The Marquis of Brandenburg with about five hundred horse and two thousand infantry went towards Rovere, and the Emperor with about fifteen hundred horse and some four thousand infantry took the road leading to Vicenza. It was said, moreover, and reason seemed to demand it, that orders had been given on the same day that simultaneously with the two attacks the forces assembled in the Friuli should also move and join those led by the Emperor when the occasion and the success of the movements should warrant it. It was also reported that orders had been given for the three thousand infantry of the league of the Grisons and the Valais should move towards the Valtelline. And thus with these dispositions, that were partly seen and partly heard, great hopes of complete success were excited.
On Saturday evening the Marquis returned with his cavalry to Trent, whereupon it was said that, having presented himself before Rovere, and surrounded the place and demanded admission within, the commander of the place had asked for six days’ time to give a reply, but that only three were accorded him; and that thereupon the Marquis had returned with his cavalry, leaving his infantry at Petra, a place about two miles from Rovere. The Emperor, on the other hand, took possession of a mountain called the Siaga mountain, the spurs of which extend within twelve miles of Vicenza, where between the hills and the plain there is a castle belonging to the Venetians, and called Marostico, which holds a garrison of two thousand men, and can serve the possessor as a point of support for a good army, and from which Vicenza may conveniently be assailed. On the summit of this mountain there are several villages called the “Seven Communes,” on account of their number being seven. These belong to the Venetians, by whom they are well treated; this position is an important one, and is strengthened by some trenches. The Emperor seized this position, and filled the trenches so that artillery could pass, and some pieces have already gone there. Yesterday morning it was reported that he had taken the castle of Marostico, “which gave rise to the expectation that there would be some tumults in Vicenza, as there is with the Emperor a certain Messer Lionardo Trissino, a Vicentine, a man of some influence, who being dissatisfied with the Venetians had withdrawn for a while from his country. In the midst of these hopes it became known yesterday evening that the Emperor, passing under the walls of Trent, had gone to lodge in San Michele, ten miles from here on the way to Botzen, so that every one became discouraged and remained in suspense. This sudden movement of the Emperor’s is variously commented upon; some apprehend that it may have been caused by the Venetians under promise from them to be his friends, but really with the view of observing him, either to discredit or to entrap him. Others believe that it was the result of his fatal facility of being influenced by others, who had held out to him the expectation of a rising in Vicenza, which however came to nothing. And there are not wanting some who, holding to their first opinion, believe in all the dispositions made by the Emperor, and who say that, if he has turned back, it is for some measure of prudence which, according to his habit, he wants to carry through in person, although he might have intrusted it to some one else.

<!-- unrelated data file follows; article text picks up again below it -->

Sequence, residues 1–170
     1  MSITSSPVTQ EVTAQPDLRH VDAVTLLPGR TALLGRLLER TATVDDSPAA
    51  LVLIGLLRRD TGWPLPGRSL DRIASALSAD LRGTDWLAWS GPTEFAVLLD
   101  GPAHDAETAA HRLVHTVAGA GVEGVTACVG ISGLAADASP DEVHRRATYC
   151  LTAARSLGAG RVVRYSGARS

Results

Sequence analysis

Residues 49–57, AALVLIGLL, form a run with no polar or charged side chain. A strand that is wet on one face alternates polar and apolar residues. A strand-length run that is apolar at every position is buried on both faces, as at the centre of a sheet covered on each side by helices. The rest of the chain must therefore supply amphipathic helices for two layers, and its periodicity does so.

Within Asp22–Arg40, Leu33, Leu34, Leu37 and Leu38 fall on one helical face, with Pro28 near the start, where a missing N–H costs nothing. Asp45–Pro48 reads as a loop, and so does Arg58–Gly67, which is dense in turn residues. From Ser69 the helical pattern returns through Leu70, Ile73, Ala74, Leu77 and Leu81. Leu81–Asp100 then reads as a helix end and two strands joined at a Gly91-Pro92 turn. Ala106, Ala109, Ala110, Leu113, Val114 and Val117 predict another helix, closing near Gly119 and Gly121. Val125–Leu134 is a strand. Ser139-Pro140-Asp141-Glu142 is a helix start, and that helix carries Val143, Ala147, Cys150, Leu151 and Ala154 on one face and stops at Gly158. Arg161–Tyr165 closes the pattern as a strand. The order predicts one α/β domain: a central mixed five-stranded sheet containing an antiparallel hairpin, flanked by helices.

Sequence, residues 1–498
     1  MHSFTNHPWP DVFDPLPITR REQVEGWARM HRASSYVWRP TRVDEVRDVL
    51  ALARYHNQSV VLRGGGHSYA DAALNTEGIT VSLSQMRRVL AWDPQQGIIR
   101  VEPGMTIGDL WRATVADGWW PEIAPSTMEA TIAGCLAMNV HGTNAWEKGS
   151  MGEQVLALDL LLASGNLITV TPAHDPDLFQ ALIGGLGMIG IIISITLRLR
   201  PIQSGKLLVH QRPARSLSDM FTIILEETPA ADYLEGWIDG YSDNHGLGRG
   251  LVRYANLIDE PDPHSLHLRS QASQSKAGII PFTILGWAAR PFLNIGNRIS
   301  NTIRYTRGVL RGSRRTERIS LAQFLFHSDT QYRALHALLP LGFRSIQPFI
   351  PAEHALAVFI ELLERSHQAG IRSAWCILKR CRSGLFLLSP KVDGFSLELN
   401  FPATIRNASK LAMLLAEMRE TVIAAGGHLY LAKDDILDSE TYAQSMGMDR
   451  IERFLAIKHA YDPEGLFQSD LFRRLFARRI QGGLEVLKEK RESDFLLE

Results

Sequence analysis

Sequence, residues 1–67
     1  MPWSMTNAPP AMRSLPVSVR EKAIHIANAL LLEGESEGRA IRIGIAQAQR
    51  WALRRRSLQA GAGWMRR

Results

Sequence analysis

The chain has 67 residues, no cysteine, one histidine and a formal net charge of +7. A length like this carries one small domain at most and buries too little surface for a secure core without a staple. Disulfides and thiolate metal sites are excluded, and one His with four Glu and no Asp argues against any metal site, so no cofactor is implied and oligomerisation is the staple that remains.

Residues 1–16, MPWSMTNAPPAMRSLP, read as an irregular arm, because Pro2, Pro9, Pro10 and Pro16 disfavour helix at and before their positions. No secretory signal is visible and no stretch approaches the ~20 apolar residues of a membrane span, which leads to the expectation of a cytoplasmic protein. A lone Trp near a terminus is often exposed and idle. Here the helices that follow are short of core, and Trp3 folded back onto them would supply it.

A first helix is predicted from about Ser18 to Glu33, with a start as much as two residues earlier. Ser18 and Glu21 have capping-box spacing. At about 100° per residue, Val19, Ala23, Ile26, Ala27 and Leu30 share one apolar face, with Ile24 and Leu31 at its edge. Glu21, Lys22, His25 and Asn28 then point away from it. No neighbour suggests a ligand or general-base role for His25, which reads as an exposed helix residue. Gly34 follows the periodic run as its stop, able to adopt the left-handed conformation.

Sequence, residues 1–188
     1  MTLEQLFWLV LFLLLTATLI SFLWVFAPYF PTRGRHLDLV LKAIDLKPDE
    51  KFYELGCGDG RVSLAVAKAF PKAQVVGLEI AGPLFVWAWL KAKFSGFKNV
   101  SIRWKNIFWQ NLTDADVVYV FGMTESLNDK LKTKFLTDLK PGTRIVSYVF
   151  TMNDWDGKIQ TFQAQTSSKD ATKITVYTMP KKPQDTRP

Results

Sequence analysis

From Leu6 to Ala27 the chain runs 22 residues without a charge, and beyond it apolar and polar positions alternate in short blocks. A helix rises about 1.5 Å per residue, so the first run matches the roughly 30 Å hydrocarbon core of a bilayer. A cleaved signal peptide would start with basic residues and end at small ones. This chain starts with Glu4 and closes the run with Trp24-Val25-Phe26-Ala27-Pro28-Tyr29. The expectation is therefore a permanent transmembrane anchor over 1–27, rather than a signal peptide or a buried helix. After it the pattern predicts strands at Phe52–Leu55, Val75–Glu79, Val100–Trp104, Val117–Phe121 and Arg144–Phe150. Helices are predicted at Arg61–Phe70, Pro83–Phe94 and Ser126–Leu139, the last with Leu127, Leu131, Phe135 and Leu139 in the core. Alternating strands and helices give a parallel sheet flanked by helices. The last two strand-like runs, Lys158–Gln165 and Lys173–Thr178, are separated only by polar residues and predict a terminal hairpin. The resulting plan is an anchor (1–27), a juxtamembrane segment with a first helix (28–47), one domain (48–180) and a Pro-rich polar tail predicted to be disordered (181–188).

“This is the state of things at present; and I would ask the wisest man in the world what he would do if he were charged with such a commission as your Lordships have devolved upon me. But I confess frankly, that, if I had received your letter three days sooner, I would have promised to make the payment not only at Trent, but even at Innspruck. And if I had done so, and matters had afterwards been pushed with less vigor, or had been deferred, I would like to know what would then have been said at Florence; but I can guess without being told. I do not say this because I lack either faith or courage to execute the commission with which your Lordships have honored me; but to show the difficulties of that commission, in the execution of which no man, unless he be a prophet, can divine the right thing except by chance. For whether it be attempted to judge in detail, according to what is seen from day to day, or on general principles, one cannot arrive at any more definite knowledge than what I have written above. But I do know that, if any one desires to judge according to the rules of reason whether a man will be victorious in such an enterprise, he must take into consideration the number and quality of the troops which such individual has, and his means of keeping them together, and how he governs himself as well as his forces. No one doubts but what the Emperor has plenty of soldiers, and of good quality; but how he will keep them together, there is the doubt. For he can only hold them by means of money; and being on the one hand short of ready cash himself, he can never be sure that it will be supplied by others; and on the other hand, being extremely liberal, he piles difficulty upon difficulty; and although liberality is a virtue in princes, yet it is not enough to satisfy one thousand when there are twenty thousand more who are in need of it; and liberality does not profit except those to whom it is extended. As to the personal conduct of the Emperor, I will only say that it cannot be denied that he is an active and careful man, most skilful in the art of war, laborious, and of great experience; and more reputed than any of his predecessors for the past hundred years. But he is so good and humane a gentleman that he has become too easy and too credulous, whence it comes that some persons have great doubts as to the success of his enterprise, as I have stated above; so that, considering all things, there are grounds for hopes as well as for fears respecting the result. The grounds for hope are mainly two circumstances connected with Italy herself, and which until now have been the cause of the success and renown of all who have assailed her; and these are that she is constantly subject to revolutions and changes, and that she has wretched armies; this accounts for her marvellous conquests and equally marvellous losses. And although the French of the present day have good armies, yet not having the Swiss with them, by whose co-operation they have been accustomed to achieve victory, and moreover not feeling the ground safe under their feet, there is reason for doubts as to their success. All these considerations cause me to remain in doubt, and make me hesitate to take a resolution; for to give effect to your commission, it is necessary that the Emperor should make the attack and be victorious.